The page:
Improvising in the Kitchen February 17, 1972

A plunk from the piano; then soft whooshes of wind through the trumpet; then a sustained note on the string bass. The trombone enters on an agitated note, and the pianist responds with a few sharp sounds. (The description refers to the beginning of a concert of improvisation presented at the Kitchen on February 6 by Frederic Rzewski, piano; Jeffrey Levine, bass; Garrett List, trombone; and Gordon Mumma, trumpet.)

Now the bass is more full and the trombone plays a soft gurgling 7solo. Then they both stop. The pianist hits a biting chord and everyone plays sharp sounds for a moment. Then the interest shifts to grating sounds on the bass, and the trumpet responds with a high whining accompaniment. (No one could compose music quite like this. Only in improvisations do musicians respond to each other in such a personal way.)

A trombone solo emerges, very fast, and the bass player is plucking a very energetic line. It sounds vaguely like jazz. The trumpet player even begins clicking out rhythms on his valves. Then it is over, almost as abruptly as it began, and the music reverts to soft nondescript sounds. (It is strange how energy can come and go so quickly. I have improvised a lot myself, sometimes with these same players, but have never been able to figure out how it happens.)

After a while fast things begin, and the players are scattering notes all over the place. The piano begins a loud fast repeated note which spurs everyone on, and things are very exciting for a while. Then everything calms down drastically, and all that remains is a very soft trill on the piano. It feels like intermission. A few people in the audience change seats and the musicians relax for a while, leaving the trill all by itself. (Maybe the players had planned to take sort of a break, but probably not. Things like that just happen in improvising sessions.)

Some time later the piano introduces some very loud repeated-note patterns and the brass respond with their first loud notes of the evening. The pianist fades into accompaniment, enjoying the fine brass sounds. But they are unable or unwilling to continue without his support, and revert back to soft things. (The pianist seemed to me to be calling most of the shots, but maybe not. It is so difficult to tell who really initiates something.)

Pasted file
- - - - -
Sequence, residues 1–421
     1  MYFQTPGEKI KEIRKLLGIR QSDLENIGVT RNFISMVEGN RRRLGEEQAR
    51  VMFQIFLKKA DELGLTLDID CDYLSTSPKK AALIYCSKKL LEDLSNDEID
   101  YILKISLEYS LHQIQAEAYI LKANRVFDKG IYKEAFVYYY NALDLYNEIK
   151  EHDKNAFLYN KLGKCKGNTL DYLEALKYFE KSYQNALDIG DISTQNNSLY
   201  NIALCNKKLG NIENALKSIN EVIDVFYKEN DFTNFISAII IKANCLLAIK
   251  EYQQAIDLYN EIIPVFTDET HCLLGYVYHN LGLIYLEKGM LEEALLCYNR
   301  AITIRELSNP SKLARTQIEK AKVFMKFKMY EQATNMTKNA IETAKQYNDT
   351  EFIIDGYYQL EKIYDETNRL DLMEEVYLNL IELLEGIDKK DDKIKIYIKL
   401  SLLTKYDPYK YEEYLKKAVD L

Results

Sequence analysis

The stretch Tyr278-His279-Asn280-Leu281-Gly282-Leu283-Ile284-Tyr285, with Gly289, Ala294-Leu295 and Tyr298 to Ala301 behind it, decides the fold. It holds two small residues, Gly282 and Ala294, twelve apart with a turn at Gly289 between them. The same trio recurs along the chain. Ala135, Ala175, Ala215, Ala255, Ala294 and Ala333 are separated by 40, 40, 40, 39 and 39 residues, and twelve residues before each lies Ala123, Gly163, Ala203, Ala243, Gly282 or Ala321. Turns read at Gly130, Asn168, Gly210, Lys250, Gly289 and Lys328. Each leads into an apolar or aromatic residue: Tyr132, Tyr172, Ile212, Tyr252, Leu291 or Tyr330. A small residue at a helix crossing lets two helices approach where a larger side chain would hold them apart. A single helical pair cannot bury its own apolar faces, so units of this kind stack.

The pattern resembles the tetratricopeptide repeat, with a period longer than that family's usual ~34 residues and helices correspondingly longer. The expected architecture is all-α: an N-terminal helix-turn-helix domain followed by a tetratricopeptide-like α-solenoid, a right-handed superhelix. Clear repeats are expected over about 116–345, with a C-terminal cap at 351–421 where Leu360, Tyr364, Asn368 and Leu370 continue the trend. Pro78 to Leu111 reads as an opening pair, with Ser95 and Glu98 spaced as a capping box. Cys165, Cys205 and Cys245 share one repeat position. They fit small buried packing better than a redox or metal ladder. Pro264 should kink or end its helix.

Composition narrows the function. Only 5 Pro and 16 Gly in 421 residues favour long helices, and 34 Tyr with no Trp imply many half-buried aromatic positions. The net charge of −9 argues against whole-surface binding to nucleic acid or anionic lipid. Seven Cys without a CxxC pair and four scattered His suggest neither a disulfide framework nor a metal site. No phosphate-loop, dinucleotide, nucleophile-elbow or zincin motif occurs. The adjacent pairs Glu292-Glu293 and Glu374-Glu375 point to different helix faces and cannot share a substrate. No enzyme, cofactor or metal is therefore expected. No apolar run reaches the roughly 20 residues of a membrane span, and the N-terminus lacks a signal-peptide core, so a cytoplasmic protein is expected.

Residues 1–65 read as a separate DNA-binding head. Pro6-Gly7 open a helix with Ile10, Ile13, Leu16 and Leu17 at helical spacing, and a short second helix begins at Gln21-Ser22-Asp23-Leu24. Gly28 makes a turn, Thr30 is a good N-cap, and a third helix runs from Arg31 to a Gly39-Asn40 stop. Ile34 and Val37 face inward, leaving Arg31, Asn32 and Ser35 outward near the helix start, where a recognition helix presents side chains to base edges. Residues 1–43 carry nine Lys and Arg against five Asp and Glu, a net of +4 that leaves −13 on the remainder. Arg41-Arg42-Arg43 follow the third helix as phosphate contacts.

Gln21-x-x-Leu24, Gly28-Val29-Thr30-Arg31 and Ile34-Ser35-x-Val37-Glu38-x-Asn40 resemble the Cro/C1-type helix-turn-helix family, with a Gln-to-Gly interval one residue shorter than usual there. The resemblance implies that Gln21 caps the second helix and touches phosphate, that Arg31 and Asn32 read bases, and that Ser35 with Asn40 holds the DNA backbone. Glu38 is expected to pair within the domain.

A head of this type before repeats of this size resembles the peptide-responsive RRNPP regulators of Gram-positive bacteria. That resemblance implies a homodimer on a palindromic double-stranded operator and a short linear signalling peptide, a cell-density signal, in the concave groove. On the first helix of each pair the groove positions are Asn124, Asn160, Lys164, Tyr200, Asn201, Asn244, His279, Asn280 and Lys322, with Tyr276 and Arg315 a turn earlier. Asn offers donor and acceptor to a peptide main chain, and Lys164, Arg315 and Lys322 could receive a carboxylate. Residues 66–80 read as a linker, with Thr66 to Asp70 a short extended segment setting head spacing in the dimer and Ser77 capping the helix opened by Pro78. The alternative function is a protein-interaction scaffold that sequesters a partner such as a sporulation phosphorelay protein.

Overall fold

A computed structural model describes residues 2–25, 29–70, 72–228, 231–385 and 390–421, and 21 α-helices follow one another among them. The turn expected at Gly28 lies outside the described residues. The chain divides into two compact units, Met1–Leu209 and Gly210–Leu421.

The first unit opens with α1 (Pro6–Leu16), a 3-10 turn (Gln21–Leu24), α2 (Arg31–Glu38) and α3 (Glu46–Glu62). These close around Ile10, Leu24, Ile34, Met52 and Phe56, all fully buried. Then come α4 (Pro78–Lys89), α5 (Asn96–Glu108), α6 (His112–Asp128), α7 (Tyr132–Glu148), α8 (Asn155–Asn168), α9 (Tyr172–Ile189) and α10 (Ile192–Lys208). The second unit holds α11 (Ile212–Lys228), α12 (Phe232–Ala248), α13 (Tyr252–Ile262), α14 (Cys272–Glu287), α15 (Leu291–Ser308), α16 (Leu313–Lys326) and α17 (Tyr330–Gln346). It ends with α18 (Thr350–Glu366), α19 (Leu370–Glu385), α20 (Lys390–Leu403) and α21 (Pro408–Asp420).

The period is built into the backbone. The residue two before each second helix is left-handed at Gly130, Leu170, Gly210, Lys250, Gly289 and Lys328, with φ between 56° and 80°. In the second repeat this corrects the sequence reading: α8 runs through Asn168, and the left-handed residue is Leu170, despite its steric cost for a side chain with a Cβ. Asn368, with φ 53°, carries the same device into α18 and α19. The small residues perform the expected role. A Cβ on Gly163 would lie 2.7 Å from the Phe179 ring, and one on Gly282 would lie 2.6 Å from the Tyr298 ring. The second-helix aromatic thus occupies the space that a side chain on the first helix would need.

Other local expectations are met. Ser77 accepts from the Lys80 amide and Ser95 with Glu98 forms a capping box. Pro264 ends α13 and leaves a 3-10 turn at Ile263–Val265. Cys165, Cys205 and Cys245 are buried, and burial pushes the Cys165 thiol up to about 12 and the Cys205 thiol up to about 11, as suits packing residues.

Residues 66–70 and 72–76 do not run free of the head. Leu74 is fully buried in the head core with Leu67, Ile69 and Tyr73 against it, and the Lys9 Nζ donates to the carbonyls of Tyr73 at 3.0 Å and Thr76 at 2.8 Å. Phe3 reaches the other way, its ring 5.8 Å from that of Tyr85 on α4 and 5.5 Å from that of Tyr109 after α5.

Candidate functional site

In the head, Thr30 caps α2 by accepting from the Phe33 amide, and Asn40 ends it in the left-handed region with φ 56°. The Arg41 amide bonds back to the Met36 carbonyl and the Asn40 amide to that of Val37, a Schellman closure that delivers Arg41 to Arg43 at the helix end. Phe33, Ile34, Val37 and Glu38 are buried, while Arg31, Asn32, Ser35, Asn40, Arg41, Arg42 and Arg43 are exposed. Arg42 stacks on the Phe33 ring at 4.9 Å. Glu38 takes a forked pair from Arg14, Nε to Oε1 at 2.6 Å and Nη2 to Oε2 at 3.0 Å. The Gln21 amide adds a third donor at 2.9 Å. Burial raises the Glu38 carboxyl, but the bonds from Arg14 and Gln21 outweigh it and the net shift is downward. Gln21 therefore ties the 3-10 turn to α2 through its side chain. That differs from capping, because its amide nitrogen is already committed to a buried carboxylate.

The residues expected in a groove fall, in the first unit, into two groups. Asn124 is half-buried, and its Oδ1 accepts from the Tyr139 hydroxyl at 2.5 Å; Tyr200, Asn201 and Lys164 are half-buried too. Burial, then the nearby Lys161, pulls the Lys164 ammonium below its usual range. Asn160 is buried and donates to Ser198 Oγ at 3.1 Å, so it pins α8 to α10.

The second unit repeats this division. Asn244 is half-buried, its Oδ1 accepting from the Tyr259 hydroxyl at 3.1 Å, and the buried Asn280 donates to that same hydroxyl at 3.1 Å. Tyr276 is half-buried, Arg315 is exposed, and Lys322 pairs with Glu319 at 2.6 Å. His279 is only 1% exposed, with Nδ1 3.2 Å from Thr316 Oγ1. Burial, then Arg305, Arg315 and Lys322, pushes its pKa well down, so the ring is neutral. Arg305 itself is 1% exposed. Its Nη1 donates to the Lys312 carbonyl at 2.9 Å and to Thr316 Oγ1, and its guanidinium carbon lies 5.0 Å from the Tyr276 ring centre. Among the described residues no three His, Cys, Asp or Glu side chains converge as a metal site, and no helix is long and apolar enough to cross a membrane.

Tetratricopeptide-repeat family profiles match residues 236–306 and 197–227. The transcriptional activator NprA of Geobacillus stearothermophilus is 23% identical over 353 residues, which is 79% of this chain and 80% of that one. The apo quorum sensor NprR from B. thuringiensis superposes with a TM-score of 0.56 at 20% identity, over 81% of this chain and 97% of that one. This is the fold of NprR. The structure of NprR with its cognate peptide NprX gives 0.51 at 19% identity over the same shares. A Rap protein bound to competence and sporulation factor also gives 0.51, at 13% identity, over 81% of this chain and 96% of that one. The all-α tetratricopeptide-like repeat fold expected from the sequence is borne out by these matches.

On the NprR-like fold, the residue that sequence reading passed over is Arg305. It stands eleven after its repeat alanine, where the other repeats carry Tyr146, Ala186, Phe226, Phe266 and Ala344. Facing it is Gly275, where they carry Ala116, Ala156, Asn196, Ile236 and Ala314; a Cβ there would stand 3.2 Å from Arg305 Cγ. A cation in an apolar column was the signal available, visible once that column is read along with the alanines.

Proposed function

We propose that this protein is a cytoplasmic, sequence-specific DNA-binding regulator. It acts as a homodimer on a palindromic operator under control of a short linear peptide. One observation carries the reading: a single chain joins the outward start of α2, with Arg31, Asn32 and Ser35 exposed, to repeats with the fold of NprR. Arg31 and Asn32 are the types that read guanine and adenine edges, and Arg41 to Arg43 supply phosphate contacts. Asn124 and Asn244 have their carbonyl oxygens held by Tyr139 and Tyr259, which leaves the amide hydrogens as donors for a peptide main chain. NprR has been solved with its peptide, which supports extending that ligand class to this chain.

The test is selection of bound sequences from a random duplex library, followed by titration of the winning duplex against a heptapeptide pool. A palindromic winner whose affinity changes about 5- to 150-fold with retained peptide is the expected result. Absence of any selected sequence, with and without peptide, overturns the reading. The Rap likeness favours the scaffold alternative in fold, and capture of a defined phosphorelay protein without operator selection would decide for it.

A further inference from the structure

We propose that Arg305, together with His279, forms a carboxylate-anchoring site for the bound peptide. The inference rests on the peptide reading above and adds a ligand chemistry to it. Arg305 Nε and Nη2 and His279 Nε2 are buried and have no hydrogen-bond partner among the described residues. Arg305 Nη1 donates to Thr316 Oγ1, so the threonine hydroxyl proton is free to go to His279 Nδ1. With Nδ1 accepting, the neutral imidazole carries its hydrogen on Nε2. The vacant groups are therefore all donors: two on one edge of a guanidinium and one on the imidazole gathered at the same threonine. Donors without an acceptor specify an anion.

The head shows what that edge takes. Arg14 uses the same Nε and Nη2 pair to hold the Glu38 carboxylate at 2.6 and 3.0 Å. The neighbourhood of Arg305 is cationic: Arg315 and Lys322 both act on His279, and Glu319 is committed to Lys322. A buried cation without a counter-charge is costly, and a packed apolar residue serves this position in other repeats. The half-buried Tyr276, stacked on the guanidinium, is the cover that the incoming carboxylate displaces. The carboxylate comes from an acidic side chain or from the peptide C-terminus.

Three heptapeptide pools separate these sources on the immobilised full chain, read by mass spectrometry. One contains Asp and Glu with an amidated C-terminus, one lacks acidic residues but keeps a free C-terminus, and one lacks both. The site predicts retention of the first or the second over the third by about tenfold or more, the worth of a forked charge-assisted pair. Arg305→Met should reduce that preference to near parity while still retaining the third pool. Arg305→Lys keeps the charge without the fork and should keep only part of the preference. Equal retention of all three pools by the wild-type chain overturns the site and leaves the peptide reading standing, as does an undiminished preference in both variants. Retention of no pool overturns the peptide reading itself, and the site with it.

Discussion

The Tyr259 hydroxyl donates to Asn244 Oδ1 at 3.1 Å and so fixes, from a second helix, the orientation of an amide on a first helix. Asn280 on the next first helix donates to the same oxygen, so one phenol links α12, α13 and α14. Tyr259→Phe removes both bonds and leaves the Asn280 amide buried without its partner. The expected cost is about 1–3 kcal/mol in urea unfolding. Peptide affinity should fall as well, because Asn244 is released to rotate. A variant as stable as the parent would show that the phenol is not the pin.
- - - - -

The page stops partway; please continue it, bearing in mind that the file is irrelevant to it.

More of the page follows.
The concert has been going almost an hour now, and the music is very quiet and relaxed again. The trombone suddenly introduces a rhythmic pattern, which he repeats over and over. But no one follows him and it starts to sound a little silly so he stops. (It is interesting to consider how differently the rest of the concert might have turned out if even one of the other players had followed the trombonist at that moment.)

Now the bass begins to predominate with scratchy squealing sounds. The pianist pulls out a tin whistle and the others follow him. For a while there is a very unified feeling with all those whistles, and the sound makes a very effective accompaniment for the bass solo, which is still going. The trombonist begins passing out whistles to the audience. (The musicians had obviously planned all this, but it didn’t seem phony. Some members of the audience became quite involved in playing the whistles.)

By now everyone has grown tired of blowing whistles, and there is a loud blast from the trombone. The piano responds with a loud chord. Another blast on the trombone elicits another response from the piano. Soon all the musicians are playing short blasts, separated by silence or near silence. This pattern is quite effective, and with variations, remains interesting for some time. Then there is a soft glissando on the bass, a few quick notes on the piano, and everyone senses that the concert is over. (Perhaps I should say whether I liked or disliked the concert, but I can’t boil it down to that. Improvisations like this are like the weather, as far as I am concerned, because no one actually controls what happens. It just happens.)